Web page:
One final stab at improving lambda serialization

David M. Lloyd david.lloyd at
Tue Aug 27 14:01:35 PDT 2013

On 08/19/2013 10:37 AM, Brian Goetz wrote:
 > [...]
> The other failure has to do with order-of-capture.
> *Old code**
> * 	*New code**
> * 	*Result**
> *
> String s1 = "foo";
> String s2 = "bar";
> Runnable r = new Runnable() {
>      void run() {
> foo(s1, s2);
>      }
> };
> 	String s1 = "foo";
> String s2 = "bar";
> Runnable r = new Runnable() {
>      void run() {
>          String s = s2;
> foo(s1, s);
>      }
> };
> 	On deserialization, s1 and s2 are effectively swapped.
> This fails because the order of arguments in the implicitly generated
> constructor of the inner class changes due to the order in which the
> compiler encounters captured variables.  If the reordered variables were
> of different types, this would cause a type-1 failure, but if they are
> the same type, it causes a type-2 failure.

This appears to not strictly be accurate.  In my tests I've found that 
yes the constructor parameter ordering may indeed differ (based on this 
or (potentially) even any other compiler-specific factor), however since 
the constructor is not actually used during deserialize (the mandatory 
no-arg constructor of the first non-serializable superclass is used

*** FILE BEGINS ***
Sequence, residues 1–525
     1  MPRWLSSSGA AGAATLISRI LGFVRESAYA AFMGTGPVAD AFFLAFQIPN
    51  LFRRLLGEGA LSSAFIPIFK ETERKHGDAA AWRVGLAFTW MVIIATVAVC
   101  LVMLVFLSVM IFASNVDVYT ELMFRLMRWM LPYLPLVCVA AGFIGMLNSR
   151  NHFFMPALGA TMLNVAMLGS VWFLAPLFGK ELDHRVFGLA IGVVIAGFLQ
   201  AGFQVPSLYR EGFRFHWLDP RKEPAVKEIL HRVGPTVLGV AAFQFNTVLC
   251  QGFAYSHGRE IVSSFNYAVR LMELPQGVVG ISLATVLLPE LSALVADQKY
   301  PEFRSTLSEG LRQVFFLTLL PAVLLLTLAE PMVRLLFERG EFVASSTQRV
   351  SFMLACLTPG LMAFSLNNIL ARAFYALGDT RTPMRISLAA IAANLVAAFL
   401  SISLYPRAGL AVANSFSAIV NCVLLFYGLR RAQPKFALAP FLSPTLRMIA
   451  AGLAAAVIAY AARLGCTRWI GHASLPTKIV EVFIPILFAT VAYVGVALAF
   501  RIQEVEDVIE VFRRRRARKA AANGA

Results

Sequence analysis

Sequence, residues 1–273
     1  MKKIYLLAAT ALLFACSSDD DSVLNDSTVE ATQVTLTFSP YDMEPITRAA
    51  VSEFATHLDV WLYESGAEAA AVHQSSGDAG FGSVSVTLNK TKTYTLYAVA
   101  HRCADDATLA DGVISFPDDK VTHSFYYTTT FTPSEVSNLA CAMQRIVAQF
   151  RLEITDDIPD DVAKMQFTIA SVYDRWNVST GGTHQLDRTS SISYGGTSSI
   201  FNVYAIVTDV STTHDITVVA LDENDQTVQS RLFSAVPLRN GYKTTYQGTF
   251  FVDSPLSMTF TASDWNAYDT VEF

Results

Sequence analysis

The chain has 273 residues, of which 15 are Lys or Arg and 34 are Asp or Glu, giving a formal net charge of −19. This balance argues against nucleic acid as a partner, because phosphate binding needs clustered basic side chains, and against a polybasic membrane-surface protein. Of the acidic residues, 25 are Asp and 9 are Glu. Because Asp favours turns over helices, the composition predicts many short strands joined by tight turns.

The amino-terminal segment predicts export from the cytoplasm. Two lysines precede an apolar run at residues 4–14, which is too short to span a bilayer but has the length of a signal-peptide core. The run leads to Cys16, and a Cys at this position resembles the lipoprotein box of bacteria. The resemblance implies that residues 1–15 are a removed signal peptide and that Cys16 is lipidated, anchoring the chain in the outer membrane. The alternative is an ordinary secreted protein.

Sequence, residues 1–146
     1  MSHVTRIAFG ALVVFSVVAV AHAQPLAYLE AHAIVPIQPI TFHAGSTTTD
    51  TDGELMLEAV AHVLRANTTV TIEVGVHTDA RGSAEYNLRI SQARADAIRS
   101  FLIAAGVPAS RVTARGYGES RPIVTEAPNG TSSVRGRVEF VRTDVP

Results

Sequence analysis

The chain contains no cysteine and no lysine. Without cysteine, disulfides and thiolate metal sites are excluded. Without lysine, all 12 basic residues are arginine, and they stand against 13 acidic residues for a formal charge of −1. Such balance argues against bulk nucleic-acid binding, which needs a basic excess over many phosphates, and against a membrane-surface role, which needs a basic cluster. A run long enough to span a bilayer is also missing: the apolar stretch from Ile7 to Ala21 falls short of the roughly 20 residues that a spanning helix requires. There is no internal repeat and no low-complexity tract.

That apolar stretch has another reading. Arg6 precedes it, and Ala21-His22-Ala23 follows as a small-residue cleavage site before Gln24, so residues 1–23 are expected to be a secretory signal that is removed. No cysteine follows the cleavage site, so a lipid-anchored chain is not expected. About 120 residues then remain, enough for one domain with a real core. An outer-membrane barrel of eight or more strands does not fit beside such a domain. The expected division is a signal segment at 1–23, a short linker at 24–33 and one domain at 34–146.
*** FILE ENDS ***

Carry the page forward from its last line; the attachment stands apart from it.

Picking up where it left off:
instead), this difference is irrelevant (to this particular problem). 
The serialization values are stored by field name in the serialization 
stream and filled in via reflection; every Java compiler I have access 
to names these fields e.g. "val$s1" and "val$s2" with the local variable 
name stored in the field name.  From my testing, this case seems like it 
would work "as expected" (and, given the apparent complete ubiquity of 
compiler implementation, probably ought to just be formalized in at 
least the serialization spec by now, if not the JLS itself, but that's 
really a tangential topic).

Also worth noting is that the outer class instance lives in a field 
called "this$0".

Anyway because this has always "just worked", I think that the 
definition of "significant [change]" used later on in your proposal 
should probably be changed to removing the "order" (and even "number") 
of captured arguments; the former is handled as above, and the latter 
works predictably by simply extrapolating the serialization spec rules 
about adding/removing fields to captured variables.  This is the basis 
of my earlier gripes about only using capture order (i.e. an array, 
essentially) for captures instead of names (i.e. a map like 
serialization does).

More upcoming...

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